Senators urge local
produce be bought for
By Mike Yuen
Even if it means paying more, Sens. Suzanne Chun Oakland, Colleen Hanabusa and Lorraine Inouye want government to be required to buy isle-grown fruits and vegetables for state school cafeterias, hospitals, prisons and other programs.
But Senate Government Operations Chairman Rod Tam of Pauoa said yesterday he is not inclined to establish the sort of local mandate that his three fellow Democrats are advocating. He will probably recommend that their bill be held in his committee, he said.
With one exception, testimony went against the measure, Tam noted.
Chun Oakland (Liliha), Hanabusa (Waianae) and Inouye (Hilo) also want to establish a state policy to favor local products and services in government procurement.
Already written into state law is a 7 percent bid preference for isle contractors, which means they can win a public-works contract even if their proposal is 7 percent higher than the lowest bid. Sen. Cal Kawamoto (D, Waipahu), chairman of Senate Transportation and Intergovernmental Affairs, wants to raise the local preference back to 15 percent, as it was a few years ago.
"The state," said procurement Administrator Lloyd Unebasami, "currently has eight local preferences covering goods, services and construction, which are the most in the nation."
Gene Kaneshiro, director of the lunch program for the state public schools, said the School Food Services Branch encourages its cafeterias to purchase locally grown produce, but at the same time it must also consider cost and quality.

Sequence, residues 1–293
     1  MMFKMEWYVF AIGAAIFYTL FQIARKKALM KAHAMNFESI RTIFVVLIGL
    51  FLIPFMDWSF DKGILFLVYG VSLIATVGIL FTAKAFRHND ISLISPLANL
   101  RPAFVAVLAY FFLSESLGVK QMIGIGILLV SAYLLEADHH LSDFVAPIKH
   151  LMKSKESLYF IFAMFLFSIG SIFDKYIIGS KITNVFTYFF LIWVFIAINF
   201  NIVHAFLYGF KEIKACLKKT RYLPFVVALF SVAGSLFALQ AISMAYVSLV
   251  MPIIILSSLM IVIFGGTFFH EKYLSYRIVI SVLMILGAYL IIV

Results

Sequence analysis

"As a state agency, I don't think we can subsidize (local) farmers unless you give us more money," Kaneshiro said.
But he wondered why lawmakers would want to do that, given the state's tight budget, said Kaneshiro, whose lunch program serves 150,000 students every school day.
Kaneshiro added that since the cafeterias are federally funded and require an open-bid process for all U.S.-grown produce, the Department of Education could run afoul of the federal government if it is forced to buy local no matter what the cost.
Unebasami testified: "To select a local vendor over an out-of-state vendor regardless of price will cost the government and public more money. Preferences are not a good procurement practice, as they increase the cost of products or services, decrease competition and are costly to administer."
In written testimony, the 23,000-member International Longshore and Warehouse Union, Local 142, said that requiring the state to purchase local fruits and vegetables no matter what the cost is a way to support local products and labor.
Lawmakers want moreStar-Bulletin
money for Medicaid
WASHINGTON -- Shrugging off last year's rebuff, Hawaii's congressional delegation is again trying to increase federal Medicaid payments to the isles.
The lawmakers yesterday introduced legislation in both the House and the Senate that would increase payments to Hawaii by an estimated $63 million a year by temporarily revising the formula on which reimbursement rates are based.
Similar legislation was introduced in Congress last year but got little support.
Medicaid payments to states are based on per capita income. Since Hawaii's per capita income is relatively high, the state's reimbursement rate for Medicaid is relatively low.
But Hawaii also has a high cost of living, which is taken into account for payments in some federal programs (food stamp allocations and school lunch programs, for example), but not Medicaid. Ignoring the high cost of living artificially inflates Hawaii's ability to pay Medicaid costs, according to the delegation.
"It's a matter of simple fairness," said Rep. Neil Abercrombie, D-Honolulu. "The Medicaid payment formula should be increased to reflect Hawaii's high cost of living."
Two years ago, Congress increased Alaska's reimbursement rate, based in part on its high cost of living.